One day last summer I noticed my neighbor getting a large shipment from UPS. I was curious about what was in the boxes, but didn’t want to be the noisy neighbor. Well, my curiosity got the best of me once I saw him taking the large boxes to the backyard, so I asked him what was with the boxes. They were solar panels. Getting solar panels has always been an idea that I’ve wanted to achieve for some time now. One thought that has always occurred to me though was, isn’t it going to cost too much to buy the panels? He reassured me that it’s worth it and in the end, it really pays off. I found this informational article about solar panels, from HouseLogic, and it’s a good read for someone who is thinking about buying solar panels, or someone who is curious about them.
That still puts solar in the range of a new car — and out of the reach of many — but there’s much more to the cost story.
2. Rebates, Incentives, and Credits — Oh My! (But They Won’t Last!)
Rebates and incentives offered by the local, state, and federal government can total as much as 50% of a system, depending on where you live. Some states even throw in exemptions for property taxes and sales taxes.
Tip: Make sure your solar installer gives you a rundown of local and state incentives. And double check with your tax adviser.
3. Solar — It’s the Law
One big reason that states offer incentives is the RPS — the renewable portfolio standard. These are mandates some states have imposed on their utility companies, saying how much renewable energy (solar, wind) local utilities must provide their customers by such-and-such a date. Failure to comply means utilities will be fined heavily.
- Hawaii has an ambitious RPS — 40% of the state’s energy must be from renewable energy sources by 2030.
- New Jersey says 22.5% of its energy must be from renewables by 2021.
- Wisconsin requires less but much sooner — 10% by 2015.
Those RPS mandates mean generous credits and rebates on solar, but they’re not here forever. In Wisconsin, for example, they’ll expire after 2015.
4. Payback Times are Shortening
As system prices fall, payback times — the number of years it takes to recoup your investment — are shortening. Payback times are now about half of what they used to be just five years ago; the average payback time is now around 11 years.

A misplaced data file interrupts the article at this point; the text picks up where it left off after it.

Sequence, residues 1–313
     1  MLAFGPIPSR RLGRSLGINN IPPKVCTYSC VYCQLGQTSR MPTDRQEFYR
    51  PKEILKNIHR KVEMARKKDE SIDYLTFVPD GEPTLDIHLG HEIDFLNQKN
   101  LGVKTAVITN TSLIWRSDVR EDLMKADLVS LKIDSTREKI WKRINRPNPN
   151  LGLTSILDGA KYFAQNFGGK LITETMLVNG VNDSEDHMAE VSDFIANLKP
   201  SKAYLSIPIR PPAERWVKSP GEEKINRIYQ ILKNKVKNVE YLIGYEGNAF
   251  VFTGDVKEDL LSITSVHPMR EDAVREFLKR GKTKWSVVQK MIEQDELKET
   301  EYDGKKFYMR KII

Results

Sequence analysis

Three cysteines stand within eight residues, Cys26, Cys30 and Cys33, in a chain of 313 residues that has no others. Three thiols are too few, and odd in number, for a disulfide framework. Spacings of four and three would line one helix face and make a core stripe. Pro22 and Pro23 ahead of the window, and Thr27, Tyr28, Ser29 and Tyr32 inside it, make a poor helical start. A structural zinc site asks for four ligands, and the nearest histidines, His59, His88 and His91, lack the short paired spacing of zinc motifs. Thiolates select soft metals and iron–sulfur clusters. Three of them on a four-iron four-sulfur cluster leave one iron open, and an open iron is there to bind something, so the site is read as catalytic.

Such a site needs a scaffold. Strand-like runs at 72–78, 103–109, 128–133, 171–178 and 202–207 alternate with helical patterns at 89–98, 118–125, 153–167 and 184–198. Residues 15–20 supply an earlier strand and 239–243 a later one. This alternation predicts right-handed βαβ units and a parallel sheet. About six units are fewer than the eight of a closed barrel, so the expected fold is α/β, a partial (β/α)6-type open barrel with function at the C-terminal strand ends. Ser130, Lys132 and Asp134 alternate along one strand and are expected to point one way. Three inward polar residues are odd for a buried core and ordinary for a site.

Local electrical rates determine how much money you’ll save, and how long it’ll take your energy savings to pay back the cost of a system.
After your payback is complete, years of pure energy savings add up. With annual savings averaging about $600 (and going up 2% to 3% each year), you’ll save thousands of dollars over the 25-year lifetime of a system.
5. You Don’t Need Lots of Sun
Annual energy savings from solar is much more about your local electrical rates than how sunny your locale is. Places with the highest rates enjoy more savings and more rapid payback on their systems.
Here’s a sampling of annual savings from solar energy from EnergySage.com:
- New York City: $1,091 (224 sunny days per year, on average)
- San Francisco: $916 (259 sunny days)
- Phoenix: $701 (300 sunny days)
- Boston: $641 (200 sunny days)
- Minneapolis: $518 (198 sunny days)
6. You Don’t Have to Pay Up Front
One of the latest innovations in home solar is the leasing plan. With leasing, you pay nothing up front for your solar array. A crew comes over, sets you up with panels, a converter, a connection to the grid, and you’re good to go.
You sign a long-term lease agreement of 15 to 25 years and pay only for the solar-generated electricity, which is typically priced 10% to 25% lower than the cost charged by a local utility provider.
You’ll still pay your utility company nominal monthly maintenance fees to keep the grid up and running, plus charges for any electricity you use in excess of what your solar system can provide. Some solar leasing companies guarantee that whatever you spend — combined — will be less than your old monthly electric bill.
SolarCity, one of the world’s largest providers of home solar, throws in an upfront energy evaluation of your house, acquires all necessary permits and licenses (a big hassle; see “10. Soft Costs are Lowering”), and adds a personal website for monitoring your system and energy savings — all for free.
Leasing is a good way to go if you’re interested in adding solar but the upfront costs are a deal breaker. With leasing, you won’t own the system and won’t be able to reap the benefits of free electricity when the system is paid off, but you’ll still trim your monthly electric bill.